“Oh, don’t,” she cried, “you’ll frighten her. I’ll tell her how it is, and then she’ll like you.”

“I’ll make her like me,” said the girl, with savage thrusts at the doll, and kissing it all over.

“Oh, my, ain’t you sweet!” and she cuddled it fiercely in her scrawny neck, her tangled black hair falling around its face.

“Oh, dear!” wailed Phronsie, standing quite still, “she’s my child, and she’s dreadfully frightened. Oh, please, little girl, don’t do so.”

“She’s been your child forever, and I’ve never had a child.” The girl raised her black head to look sternly at Phronsie. “I’ll give her back; but she’s mine now.”

“Haven’t you ever had a child?” asked Phronsie, suddenly, two or three tears trailing off her round cheeks to drop in the grass, and she drew a long breath and winked very fast to keep the others back.

“Not a smitch of one,” declared the other girl decidedly, “an’ I’m a-goin’ to hold this one, and pretend I’m its mother.”

Phronsie drew a long breath, and drew slowly near.

“You may,” she said at last.

The new mother didn’t hear, being hungrily engaged in smoothing her child’s cheeks against her own dirty ones, first one side of the face and then the other, and twitching down the dainty pink gown, gone awry during the hugging process, and alternately scolding and patting the little figure. This done, she administered a smart slap, plunged over to the nearest tree, and set the doll with a thud on the grass to rest against its trunk.

“Sit up like a lady,” she commanded.

“Oh, don’t!” cried Phronsie, quite horror-stricken, and running over on distressed feet. “She’s my child,” she gasped.

“No, she’s mine, an’ I’m teachin’ her manners. I ain’t through pretendin’ yet,” said the girl. She put out a long arm and held Phronsie back.

“But you struck her.” Phronsie lifted a pale face, and her blue eyes flashed very much as Polly’s brown ones did on occasion.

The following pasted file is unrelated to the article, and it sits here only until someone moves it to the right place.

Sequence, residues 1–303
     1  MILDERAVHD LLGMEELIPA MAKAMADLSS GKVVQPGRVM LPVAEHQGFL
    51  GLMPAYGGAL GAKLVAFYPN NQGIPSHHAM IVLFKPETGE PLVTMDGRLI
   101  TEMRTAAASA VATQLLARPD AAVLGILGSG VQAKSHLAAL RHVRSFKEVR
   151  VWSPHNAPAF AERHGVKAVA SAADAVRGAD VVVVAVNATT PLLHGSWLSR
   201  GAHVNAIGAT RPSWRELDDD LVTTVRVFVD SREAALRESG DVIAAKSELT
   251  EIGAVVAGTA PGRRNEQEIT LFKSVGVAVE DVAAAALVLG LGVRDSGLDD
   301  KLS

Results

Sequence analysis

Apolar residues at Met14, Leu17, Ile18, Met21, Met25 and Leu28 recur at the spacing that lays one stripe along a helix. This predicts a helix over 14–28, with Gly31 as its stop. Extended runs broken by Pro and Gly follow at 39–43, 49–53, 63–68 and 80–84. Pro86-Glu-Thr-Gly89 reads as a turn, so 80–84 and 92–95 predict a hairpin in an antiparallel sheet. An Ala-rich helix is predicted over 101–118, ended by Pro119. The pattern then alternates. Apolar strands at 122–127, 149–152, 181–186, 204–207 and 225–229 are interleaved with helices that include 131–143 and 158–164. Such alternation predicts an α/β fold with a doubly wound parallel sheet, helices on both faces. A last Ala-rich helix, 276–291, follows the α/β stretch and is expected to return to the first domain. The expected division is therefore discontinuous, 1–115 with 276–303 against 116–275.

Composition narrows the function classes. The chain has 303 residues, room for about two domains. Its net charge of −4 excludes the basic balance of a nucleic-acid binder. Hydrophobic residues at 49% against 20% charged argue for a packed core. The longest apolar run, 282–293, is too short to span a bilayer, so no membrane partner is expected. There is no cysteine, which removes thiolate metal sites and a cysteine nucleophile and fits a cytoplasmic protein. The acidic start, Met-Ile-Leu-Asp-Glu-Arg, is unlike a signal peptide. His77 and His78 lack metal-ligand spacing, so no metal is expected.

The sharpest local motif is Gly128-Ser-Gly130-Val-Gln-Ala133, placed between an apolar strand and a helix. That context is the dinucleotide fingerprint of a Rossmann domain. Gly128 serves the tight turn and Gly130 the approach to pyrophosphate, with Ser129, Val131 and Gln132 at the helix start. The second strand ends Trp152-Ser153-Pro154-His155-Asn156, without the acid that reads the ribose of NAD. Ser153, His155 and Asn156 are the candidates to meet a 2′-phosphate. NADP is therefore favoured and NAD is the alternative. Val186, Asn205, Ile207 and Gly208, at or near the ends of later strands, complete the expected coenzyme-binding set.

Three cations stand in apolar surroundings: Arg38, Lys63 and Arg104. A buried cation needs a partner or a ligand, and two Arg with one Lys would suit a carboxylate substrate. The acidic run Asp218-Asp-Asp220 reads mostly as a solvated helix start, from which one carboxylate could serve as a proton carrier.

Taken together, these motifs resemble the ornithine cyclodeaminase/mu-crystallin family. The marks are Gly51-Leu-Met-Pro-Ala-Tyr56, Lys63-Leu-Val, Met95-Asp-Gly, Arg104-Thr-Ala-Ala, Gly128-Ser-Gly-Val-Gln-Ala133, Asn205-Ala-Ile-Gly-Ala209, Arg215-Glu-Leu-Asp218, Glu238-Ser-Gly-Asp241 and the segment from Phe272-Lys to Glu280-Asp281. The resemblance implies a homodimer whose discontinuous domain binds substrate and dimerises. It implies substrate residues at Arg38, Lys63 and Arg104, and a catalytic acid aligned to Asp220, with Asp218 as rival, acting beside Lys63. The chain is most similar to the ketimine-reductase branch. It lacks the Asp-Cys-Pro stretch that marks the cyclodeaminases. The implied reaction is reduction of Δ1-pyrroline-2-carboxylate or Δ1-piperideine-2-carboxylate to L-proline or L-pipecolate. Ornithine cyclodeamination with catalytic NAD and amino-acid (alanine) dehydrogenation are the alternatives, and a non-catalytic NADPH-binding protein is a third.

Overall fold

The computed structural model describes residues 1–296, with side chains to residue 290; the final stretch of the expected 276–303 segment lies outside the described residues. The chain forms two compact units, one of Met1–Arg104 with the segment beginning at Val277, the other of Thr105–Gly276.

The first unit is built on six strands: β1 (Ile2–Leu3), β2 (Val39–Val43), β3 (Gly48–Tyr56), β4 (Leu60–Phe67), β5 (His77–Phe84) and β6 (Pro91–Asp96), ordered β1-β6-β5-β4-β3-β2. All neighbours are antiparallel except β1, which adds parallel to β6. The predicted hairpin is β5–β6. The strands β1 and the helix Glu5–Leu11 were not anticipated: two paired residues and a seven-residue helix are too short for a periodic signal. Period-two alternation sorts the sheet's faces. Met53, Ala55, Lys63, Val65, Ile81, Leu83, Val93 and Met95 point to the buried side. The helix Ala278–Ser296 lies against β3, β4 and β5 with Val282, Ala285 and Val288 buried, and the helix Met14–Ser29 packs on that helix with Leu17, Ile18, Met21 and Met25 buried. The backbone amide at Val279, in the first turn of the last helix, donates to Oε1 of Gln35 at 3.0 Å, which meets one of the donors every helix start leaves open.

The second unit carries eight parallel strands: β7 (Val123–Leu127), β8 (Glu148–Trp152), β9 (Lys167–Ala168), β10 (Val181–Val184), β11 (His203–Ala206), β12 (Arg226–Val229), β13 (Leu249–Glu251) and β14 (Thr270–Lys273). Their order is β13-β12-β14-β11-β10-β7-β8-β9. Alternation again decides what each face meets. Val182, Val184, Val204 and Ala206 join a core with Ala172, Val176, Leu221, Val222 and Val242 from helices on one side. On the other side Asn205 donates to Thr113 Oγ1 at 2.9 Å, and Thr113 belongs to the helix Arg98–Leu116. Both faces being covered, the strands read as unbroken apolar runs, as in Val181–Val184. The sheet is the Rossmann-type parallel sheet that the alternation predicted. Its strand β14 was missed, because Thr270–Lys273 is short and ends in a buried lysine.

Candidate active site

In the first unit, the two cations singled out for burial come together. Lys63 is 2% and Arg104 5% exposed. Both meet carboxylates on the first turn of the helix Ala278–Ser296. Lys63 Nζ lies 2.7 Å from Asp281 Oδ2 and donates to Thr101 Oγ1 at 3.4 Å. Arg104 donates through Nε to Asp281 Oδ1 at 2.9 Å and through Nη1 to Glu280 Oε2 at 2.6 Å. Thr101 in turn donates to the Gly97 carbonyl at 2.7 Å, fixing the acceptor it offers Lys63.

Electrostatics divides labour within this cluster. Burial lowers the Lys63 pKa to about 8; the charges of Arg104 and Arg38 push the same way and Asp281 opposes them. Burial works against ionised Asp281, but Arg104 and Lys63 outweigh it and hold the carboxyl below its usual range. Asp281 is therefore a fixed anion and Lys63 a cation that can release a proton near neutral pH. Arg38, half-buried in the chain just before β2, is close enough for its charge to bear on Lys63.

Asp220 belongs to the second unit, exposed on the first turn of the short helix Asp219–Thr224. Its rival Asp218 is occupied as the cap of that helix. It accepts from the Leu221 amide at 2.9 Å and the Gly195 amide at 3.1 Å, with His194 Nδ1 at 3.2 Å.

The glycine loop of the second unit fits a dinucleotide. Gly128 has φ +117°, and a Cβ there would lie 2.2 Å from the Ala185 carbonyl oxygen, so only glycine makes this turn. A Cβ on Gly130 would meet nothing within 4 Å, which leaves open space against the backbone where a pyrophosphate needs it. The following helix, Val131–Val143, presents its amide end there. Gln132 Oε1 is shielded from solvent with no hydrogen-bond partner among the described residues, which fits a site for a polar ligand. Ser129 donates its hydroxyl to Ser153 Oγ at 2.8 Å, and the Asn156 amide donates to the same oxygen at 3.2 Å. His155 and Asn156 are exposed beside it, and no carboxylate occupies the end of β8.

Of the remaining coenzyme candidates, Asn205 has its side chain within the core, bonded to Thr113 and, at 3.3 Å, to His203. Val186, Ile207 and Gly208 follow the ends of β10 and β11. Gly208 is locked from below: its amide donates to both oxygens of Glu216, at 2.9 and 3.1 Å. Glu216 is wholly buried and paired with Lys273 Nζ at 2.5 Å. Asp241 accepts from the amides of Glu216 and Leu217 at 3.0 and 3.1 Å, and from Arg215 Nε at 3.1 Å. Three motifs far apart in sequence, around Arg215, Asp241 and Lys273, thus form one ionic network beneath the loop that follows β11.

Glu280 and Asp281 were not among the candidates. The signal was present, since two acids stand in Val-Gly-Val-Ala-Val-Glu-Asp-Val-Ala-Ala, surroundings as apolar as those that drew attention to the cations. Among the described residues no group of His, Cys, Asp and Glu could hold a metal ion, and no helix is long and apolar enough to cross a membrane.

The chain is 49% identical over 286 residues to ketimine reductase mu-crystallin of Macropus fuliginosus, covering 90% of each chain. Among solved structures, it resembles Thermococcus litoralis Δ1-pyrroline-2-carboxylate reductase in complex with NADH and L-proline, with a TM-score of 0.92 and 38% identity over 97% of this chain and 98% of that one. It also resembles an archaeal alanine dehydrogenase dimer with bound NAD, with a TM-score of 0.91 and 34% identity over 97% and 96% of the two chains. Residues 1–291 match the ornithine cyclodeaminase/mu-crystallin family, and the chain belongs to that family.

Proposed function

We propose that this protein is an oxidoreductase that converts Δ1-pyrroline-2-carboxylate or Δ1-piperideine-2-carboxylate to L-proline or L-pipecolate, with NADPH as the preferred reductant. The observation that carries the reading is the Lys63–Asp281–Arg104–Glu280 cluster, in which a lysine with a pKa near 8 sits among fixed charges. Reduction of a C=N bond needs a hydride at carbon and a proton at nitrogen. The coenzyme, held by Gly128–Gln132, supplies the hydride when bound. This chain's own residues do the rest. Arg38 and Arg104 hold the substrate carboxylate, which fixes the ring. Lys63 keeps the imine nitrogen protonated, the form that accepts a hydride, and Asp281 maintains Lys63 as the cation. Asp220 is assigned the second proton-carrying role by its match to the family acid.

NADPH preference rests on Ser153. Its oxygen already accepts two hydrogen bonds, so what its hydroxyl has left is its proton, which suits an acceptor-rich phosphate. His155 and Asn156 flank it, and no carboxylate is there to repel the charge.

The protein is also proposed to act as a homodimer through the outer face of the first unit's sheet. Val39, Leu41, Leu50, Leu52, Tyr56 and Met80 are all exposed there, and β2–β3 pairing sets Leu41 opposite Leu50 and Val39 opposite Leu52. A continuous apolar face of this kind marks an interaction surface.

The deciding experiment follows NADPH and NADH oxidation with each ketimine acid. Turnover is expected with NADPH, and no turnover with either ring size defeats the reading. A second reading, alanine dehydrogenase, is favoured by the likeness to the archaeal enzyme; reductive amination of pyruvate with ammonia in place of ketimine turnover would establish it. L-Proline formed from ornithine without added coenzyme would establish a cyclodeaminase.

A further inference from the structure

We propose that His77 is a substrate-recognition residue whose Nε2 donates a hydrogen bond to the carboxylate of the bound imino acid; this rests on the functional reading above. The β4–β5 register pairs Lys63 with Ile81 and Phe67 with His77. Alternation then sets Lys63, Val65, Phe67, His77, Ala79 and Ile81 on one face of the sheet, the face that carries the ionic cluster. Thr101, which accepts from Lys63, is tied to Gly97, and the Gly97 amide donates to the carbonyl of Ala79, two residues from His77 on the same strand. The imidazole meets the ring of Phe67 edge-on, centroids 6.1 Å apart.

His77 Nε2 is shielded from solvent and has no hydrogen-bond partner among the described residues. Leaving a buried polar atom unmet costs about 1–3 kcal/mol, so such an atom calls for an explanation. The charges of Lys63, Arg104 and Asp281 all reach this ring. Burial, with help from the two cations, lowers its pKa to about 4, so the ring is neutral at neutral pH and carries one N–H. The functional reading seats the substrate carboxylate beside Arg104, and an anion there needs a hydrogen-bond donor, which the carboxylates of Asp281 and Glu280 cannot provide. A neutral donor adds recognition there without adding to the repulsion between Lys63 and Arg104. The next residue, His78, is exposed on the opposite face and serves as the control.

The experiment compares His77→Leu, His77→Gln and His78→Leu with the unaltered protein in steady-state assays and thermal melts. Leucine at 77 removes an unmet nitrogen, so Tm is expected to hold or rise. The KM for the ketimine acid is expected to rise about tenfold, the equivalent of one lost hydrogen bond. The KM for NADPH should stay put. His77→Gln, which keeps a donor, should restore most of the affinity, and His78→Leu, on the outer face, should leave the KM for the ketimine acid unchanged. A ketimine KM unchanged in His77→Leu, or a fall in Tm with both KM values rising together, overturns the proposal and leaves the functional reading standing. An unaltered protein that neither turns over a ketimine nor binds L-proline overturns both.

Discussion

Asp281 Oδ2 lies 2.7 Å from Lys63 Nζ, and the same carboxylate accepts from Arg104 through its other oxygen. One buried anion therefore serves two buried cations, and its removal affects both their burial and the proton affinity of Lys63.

The new mother whirled around and stared at her.

“Why, I had to, just the same as you’re licked when you’re bad,” she said, in astonishment.

“What’s ‘licked’?” asked Phronsie, overcome with curiosity, yet keeping her eyes on her child, bolt upright against the tree.

“Why, whipped,” said the girl, “just the same as you are when you’re bad.”

Phronsie drew a long breath.

“I’ve never been whipped,” she said slowly.

“Oh, my Lord!” The girl tumbled down to the grass and rolled over and over, coming up suddenly to sit straight, wipe her tangled black hair out of her eyes, and stare at Phronsie. “Well, you are a reg’lar freak, you are,” was all she could say.

“What’s a ‘freak’?” asked Phronsie, actually turning her back on her child to give all her attention to this absorbing conversation, with its most attractive vocabulary.

“It’s—oh, Jumbo!” and over she flopped again, to roll and laugh. “Well, there!” and she jumped to her feet so quickly she nearly overthrew Phronsie, who had drawn closer, unable to miss a bit of this very strange proceeding. “Now I’m through pretending an’ I haven’t got any child, an’ you may have her back.” She wrung her grimy hands together, and turned her back on the object of so much attention. “Take her, quick; she’s yours.”

Phronsie hurried over to the doll, sitting up in pink loveliness against the tree, knelt down on the grass, and patted her with gentle hand, and smoothed down her curls. A curious sound broke in upon her work, and she looked up and listened. “I must go back,” she whispered to her child, and in a minute she was running around the figure of the girl, to stare into her face.

“Ow—get out!” cried the girl crossly, and she whirled off, pulling up her ragged dress to her face.

“I thought I heard you cry,” said Phronsie in a troubled voice, and following her in distress.

“Phoo!” cried the girl, snapping her fingers in derision, and spinning around on the tips of her toes, “’twas the cat.”

“No,” said Phronsie decidedly, and shaking her head, “it couldn’t be the cat, because she doesn’t hardly ever cry, and besides she isn’t here”—and she looked all around—“don’t you see she isn’t?”

“Well, then, ’twas that bird,” said the girl, pointing up to a high branch. “Ain’t you green, not to think of him!”